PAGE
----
Shit, I’ve made a mistake.
“You like what you see?” Grenadier asked.
Ross assumed he was talking about the ranch. How could Ross be honest without causing offense? He was used to skyscrapers that kissed the murky heavens and buildings so close that at times he could reach out of a window and touch the hand of someone else doing the same thing from next door. This…this emptiness, the space, that weird buzzing crap… He didn’t think he’d ever get used to that.
So why did I come here? Why didn’t I choose a city?
He knew damn well why.
“It’s certainly in the arse end of nowhere,” Ross said. “Like you told me. Bumfuck Egypt or something, you said. And I saw the pictures but didn’t really appreciate how empty it was until now.” He squirmed inside, aware that Grenadier was staring at him. “But yeah, it’s nice.” A shitty, lame word to describe someone’s pride and joy, but that was all he had. Nice.
“You’ll get used to it.”
Grenadier drove toward the ranch. Ross looked out of the side window, noting how the horses weren’t bothered by the truck. They continued to graze, one or two raising their heads to stare. The house came closer, grew bigger, and he spied a wraparound porch where a couple of men sat on rockers in the shade having a beer. Ross’ mouth watered. He swallowed and wet his parched throat. He had to get this damn coat off, feel less like he was sitting in a sauna.
After parking up, Grenadier got out. He walked round to Ross’ side then hauled out the suitcase and took possession of it, striding to the porch with an exaggerated swagger while Ross scrabbled to join him. His holdall bumped his body with every step, and he concentrated on the steady beat of that instead of the ones pounding in his chest and throat. Head down but with his eyes lifted, Ross watched the expressions on the faces of the two beer-drinking men to gauge their reaction to some English bloke joining their ranks. One of them laughed—a dark-haired fella who slapped his thigh. The other, a blond, stared—hard—bringing on all kinds of uncomfortable feelings.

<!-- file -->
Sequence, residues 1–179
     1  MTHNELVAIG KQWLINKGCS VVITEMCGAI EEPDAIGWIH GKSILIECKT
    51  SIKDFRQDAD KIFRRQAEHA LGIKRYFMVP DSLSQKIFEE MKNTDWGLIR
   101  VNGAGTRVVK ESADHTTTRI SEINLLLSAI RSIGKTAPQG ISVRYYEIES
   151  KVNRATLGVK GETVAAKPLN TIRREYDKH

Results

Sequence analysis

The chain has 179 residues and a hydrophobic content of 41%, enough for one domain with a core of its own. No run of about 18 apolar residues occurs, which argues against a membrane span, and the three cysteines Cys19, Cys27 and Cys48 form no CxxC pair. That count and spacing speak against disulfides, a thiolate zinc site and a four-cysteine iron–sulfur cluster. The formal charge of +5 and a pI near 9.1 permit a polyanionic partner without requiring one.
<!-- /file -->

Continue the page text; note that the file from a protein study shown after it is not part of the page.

The newcomer. Again. It didn’t sit well this time either. He’d been the new kid on so many occasions before it shouldn’t have bothered him. Those times, though, he’d been safe in the knowledge that other people had his back—even though those people didn’t really want to have it.
On the porch, Grenadier said, “Joe, Limmy, this is Ross Jones.”
Ross winced at his common-as-fuck British name. He nodded as the men stood, then shook their hands. “Nice to meet you.”
There it was again. Nice.
It wasn’t—wasn’t sodding nice at all—but he could hardly say that. The urge to walk back down that drive and wait for another bus going the way he’d come was strong. He wiped his brow with his arm then undid his coat, lightheaded from being so hot.
“Ready to get your hands dirty?” Joe asked.
His short hair was so light blond it bordered on white, bringing old men to mind. A speckle of darker stubble covered his rigid, square jaw, and it looked sharp, like it would dig into skin when he kissed someone. A scar ran from his eye to one corner of his mouth, jagged, as if an assailant had changed direction when slashing his face.
What, get my hands dirty now?
“I’m ready to work the day after tomorrow, like I agreed with Grenadier,” Ross said, wanting to make sure they didn’t expect him to start early. Not after that flight and the seemingly endless bus journey. Plus there was the jet lag to come. He was tired, bloody bone weary, and just wanted to go to his room. And with it being early evening, he hoped work had already ended for the day anyway.
“Good.” Joe sat again, holding his beer bottle loosely at the neck. His fingers were thick, blunt-ended, and his nails were surprisingly well maintained. “Because we got ourselves a bunkhouse to finish.”
Ross looked to Grenadier for answers.
“Yeah,” Grenadier said. “I started tearing down the old one just after you applied. Damn thing was falling apart anyway. I’d hoped to get the new one ready for when you arrived but…” He shrugged. “Shit happened.”
“Damn right shit happened,” Limmy muttered.
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About Sarah Masters:
Sarah Masters is a multi-published author in three pen names writing several genres. She lives with her husband, youngest daughter, and a cat in England. She writes at weekends and is a cover artist/head of art in her day job. In another life she was an editor. Her other pen names are Natalie Dae and Geraldine O’Hara.
Sarah also co-authors with Jaime Samms, and as Natalie Dae she co-authors with Lily Harlem under the name Harlem Dae.